Public want EU deal, London mayor’s office tells local Labour MPs

City Hall has told London Labour MPs that the public “overwhelmingly” wants them to back a Brexit deal, as Keir Starmer tries to avert a damaging party rift on the issue.

After Labour’s crushing defeat in last December’s general election, Starmer is minded to whip his MPs to vote in favour of a deal if last-minute negotiations lead to an agreement in the coming days.

The Guardian has seen an email sent to all London Labour MPs by a senior adviser to the mayor, Sadiq Khan, which points to private polling suggesting that even remain voters in the capital would like politicians to support a deal.

The email reads: “Essentially our research shows that Londoners now overwhelmingly want politicians to back a trade deal with the EU if agreed in the next few weeks, even if that deal falls short of the benefits of EU membership (42% – 16%).

“This result is particularly interesting as support is more or less equal across remainers, leavers and supporters of all main parties. Hope this is useful ahead of any deal.”

Sources at City Hall – the base for the London mayor and London Assembly – insisted the intention was merely to pass on factual background information to help inform discussion in the party about the issue.

But some of the MPs who received the message suspected it had been prompted by Starmer’s office, which is engaged in an intensive lobbying operation to persuade the parliamentary party to fall into line.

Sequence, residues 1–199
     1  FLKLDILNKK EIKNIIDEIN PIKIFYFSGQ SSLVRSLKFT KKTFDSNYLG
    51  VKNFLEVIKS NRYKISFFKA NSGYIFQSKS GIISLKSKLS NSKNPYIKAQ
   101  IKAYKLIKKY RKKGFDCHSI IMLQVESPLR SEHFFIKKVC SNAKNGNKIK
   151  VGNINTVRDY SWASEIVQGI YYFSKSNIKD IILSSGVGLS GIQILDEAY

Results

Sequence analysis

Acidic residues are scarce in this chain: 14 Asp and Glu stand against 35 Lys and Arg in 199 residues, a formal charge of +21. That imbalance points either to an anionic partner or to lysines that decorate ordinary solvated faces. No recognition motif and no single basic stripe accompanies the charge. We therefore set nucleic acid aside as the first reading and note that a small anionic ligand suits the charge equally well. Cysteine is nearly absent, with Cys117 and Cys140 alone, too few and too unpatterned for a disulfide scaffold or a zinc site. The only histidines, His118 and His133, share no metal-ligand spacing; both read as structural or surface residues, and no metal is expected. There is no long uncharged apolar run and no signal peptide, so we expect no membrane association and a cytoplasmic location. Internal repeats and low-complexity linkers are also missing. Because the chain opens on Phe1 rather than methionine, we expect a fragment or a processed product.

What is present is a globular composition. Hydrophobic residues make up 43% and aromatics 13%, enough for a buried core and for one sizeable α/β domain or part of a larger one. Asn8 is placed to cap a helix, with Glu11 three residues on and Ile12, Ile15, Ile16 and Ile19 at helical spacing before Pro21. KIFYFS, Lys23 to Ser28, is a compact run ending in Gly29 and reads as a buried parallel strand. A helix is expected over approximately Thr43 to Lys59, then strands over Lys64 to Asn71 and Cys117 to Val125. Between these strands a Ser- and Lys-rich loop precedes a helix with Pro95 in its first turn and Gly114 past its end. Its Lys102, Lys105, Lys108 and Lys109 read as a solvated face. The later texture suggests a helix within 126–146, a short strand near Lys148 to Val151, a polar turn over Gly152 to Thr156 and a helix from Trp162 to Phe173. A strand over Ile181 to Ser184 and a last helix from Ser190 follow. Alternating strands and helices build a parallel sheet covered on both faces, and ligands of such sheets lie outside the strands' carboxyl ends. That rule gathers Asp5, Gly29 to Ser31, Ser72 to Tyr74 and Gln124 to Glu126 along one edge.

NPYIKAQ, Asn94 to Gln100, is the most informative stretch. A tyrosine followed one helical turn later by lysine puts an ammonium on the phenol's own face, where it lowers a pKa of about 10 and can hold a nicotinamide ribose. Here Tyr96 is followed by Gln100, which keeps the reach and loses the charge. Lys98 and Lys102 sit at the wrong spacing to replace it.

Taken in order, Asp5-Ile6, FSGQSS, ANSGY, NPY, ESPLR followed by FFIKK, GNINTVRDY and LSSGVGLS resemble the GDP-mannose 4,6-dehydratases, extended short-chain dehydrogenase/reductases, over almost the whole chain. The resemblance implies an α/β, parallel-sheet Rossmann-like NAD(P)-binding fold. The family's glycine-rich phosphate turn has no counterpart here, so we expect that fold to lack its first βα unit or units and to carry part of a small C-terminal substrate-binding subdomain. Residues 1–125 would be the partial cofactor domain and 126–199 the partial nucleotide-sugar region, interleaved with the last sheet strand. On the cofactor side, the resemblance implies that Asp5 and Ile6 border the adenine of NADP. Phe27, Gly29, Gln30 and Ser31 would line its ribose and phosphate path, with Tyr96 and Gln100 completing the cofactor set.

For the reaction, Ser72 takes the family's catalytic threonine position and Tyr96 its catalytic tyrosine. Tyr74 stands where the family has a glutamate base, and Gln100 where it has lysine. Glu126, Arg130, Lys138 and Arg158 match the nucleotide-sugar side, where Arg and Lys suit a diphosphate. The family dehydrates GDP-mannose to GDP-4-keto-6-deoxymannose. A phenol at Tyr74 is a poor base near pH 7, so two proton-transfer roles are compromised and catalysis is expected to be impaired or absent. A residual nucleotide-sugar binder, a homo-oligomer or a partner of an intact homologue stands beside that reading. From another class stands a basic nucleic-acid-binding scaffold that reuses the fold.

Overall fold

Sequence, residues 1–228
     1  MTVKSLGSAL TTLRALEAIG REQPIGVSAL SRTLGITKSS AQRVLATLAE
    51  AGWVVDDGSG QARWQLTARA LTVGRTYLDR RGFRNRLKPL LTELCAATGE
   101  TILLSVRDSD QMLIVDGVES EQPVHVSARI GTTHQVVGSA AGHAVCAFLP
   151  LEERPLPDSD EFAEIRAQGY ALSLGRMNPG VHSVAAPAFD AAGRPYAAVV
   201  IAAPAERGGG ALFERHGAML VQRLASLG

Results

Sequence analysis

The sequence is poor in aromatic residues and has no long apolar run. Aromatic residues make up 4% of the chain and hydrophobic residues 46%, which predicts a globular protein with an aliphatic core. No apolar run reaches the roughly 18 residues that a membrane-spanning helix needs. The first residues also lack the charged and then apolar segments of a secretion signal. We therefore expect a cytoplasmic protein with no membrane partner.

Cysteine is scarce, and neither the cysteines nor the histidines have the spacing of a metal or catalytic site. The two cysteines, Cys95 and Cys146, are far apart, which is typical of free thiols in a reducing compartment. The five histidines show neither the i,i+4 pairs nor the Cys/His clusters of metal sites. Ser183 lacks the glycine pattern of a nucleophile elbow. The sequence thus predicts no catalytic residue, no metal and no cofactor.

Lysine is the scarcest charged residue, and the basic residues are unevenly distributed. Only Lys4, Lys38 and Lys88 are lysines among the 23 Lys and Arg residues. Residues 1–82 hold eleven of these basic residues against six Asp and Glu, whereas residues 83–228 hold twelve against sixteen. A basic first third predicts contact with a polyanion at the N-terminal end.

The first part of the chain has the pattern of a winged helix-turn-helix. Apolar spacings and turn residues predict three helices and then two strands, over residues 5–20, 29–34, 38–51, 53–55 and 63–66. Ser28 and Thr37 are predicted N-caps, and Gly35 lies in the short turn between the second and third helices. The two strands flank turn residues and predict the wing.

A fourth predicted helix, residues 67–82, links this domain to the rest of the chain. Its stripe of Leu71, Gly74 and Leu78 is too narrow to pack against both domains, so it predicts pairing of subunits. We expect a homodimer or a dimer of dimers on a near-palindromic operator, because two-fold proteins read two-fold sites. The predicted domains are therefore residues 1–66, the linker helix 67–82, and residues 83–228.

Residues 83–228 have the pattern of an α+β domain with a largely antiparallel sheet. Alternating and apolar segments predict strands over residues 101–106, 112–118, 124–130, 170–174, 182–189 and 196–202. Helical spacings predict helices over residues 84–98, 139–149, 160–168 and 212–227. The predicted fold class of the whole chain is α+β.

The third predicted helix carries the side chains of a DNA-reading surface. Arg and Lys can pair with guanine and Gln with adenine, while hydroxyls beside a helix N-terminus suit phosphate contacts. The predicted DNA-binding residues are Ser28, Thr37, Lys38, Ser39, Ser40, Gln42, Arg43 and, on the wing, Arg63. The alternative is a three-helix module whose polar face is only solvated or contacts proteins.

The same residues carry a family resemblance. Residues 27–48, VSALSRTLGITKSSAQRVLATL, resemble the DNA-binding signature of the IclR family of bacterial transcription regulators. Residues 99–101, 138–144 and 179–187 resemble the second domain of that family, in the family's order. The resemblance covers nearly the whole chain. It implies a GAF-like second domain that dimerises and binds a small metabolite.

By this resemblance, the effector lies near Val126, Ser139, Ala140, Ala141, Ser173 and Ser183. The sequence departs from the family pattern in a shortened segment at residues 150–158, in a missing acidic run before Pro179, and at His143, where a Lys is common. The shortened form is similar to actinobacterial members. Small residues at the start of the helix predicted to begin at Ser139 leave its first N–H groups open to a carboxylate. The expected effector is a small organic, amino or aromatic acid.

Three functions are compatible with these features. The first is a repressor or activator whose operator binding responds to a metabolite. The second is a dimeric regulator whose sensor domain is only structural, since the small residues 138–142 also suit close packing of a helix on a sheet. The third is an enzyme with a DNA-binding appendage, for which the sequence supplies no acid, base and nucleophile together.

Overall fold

Starmer’s team denied they were responsible for the polling. A Labour source said: “A number of organisations have been asking the public about what they think about how we heal the country and move on from Brexit. As you would expect there are a lot of Labour MPs who are interested in this information.”

Khan is a longtime ally of Starmer, and like the Labour leader was a strong supporter of the People’s Vote campaign.

Speaking in Portsmouth on Thursday, Starmer said: “We’ll have a look at that deal as soon as we see it and make our position then, but I can’t emphasise enough how a deal is in the national interest. We are a united party, pulling forward, focusing on the future, and that’s how we’ve been operating for the last eight or nine months, since I’ve been leader of the party.”

Boris Johnson’s majority of 80 means the deal would be highly likely to go through even if Labour abstained, but Starmer and his team believe the consequences of a no-deal exit from the transition period would be too dire for the party to stand on the sidelines.

Some of Starmer’s shadow cabinet colleagues, including the shadow chief secretary to the Treasury, Bridget Phillipson, and the shadow equalities secretary, Marsha De Cordova, believe it would be better to abstain, however, rather than risk being accused of waving through a deal that they believe could have disastrous economic consequences.

Many backbench Labour MPs are agonising about whether they could support a deal, with some estimating that up to 60 could rebel if Starmer whips them to vote in favour.

Whatever the details of any deal, it will involve a much looser trading relationship with the EU than the agreement struck by Theresa May that Starmer vehemently rejected when he was shadow Brexit secretary.

Labour’s London MPs, including Emily Thornberry, David Lammy and Catherine West, were among the strongest voices calling for a referendum in the 2017-19 parliament, amid fears that the Liberal Democrats could make inroads into Labour’s support with their strong anti-Brexit message.

But party strategists are now keen to send a message to Brexit voters that Labour has heard their voices, after so many leave seats fell to the Tories last year.

The Guardian

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